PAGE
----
The Delta Programme will receive a (legal) basis in the Delta Act. The blueprint for this was submitted to the Dutch Lower House on 1 February 2010. Because of the fall of the cabinet, the act has not yet been passed. This act also covers the Delta Fund and the tasks and authorities of the Delta Commissioner. This combines an indispensable legal basis with the necessary financing and organisation for a successful short- and long-term approach, to keep the Netherlands safe from the water and also ensure an adequate supply of fresh water in dry periods.
The unique thing about the Delta Programme is that it is aimed at disaster prevention. It is not a reaction to a disaster. It is being set up in a period in which safety is under control. With such a national approach we will not be forced to opt for quick ad-hoc solutions if things go wrong, but we are able to develop and implement proper and attractive safety solutions.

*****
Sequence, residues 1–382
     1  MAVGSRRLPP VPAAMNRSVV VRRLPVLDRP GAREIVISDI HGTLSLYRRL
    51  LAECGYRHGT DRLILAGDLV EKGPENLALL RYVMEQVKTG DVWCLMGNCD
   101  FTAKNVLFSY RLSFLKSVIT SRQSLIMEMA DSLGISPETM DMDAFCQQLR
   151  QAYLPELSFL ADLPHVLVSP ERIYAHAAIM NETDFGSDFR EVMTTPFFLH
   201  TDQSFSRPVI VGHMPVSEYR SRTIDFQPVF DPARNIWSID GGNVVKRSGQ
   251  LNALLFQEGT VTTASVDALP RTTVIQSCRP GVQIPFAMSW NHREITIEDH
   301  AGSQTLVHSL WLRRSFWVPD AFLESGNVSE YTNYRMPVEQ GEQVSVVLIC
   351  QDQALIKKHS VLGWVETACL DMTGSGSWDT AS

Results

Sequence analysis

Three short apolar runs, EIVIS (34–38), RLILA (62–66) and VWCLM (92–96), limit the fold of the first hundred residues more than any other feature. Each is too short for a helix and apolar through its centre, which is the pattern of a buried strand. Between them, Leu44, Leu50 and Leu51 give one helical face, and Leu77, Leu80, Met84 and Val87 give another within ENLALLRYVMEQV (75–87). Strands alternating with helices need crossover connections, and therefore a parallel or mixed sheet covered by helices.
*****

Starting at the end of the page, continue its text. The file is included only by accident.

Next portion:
The programme is also unique because it combines measures for water safety and fresh water supplies with our ambitions for the development of nature and spatial planning.
Role of the Delta Commissioner
The Delta Commissioner is a government commissioner with a central position in the administrative field. He leads the national programme and has direct access to ministers and the minister-president, the regional authorities and parliament. There will be a separate Delta Fund, with 1 billion Euros per year from 2020. The DP concerns this century and prepares measures for up to 2050 and thereafter.
The Delta Programme publishes its budget in September every year. More important is the manner of working:
- I want to involve everyone;
- joint fact finding;
- providing room for connection between the players;
- searching for innovative ideas;
- horizontal working between the management layers involved.
The basic values of the Delta Programme are solidarity, flexibility and sustainability. And as departure points cohesion, consistency and transparency.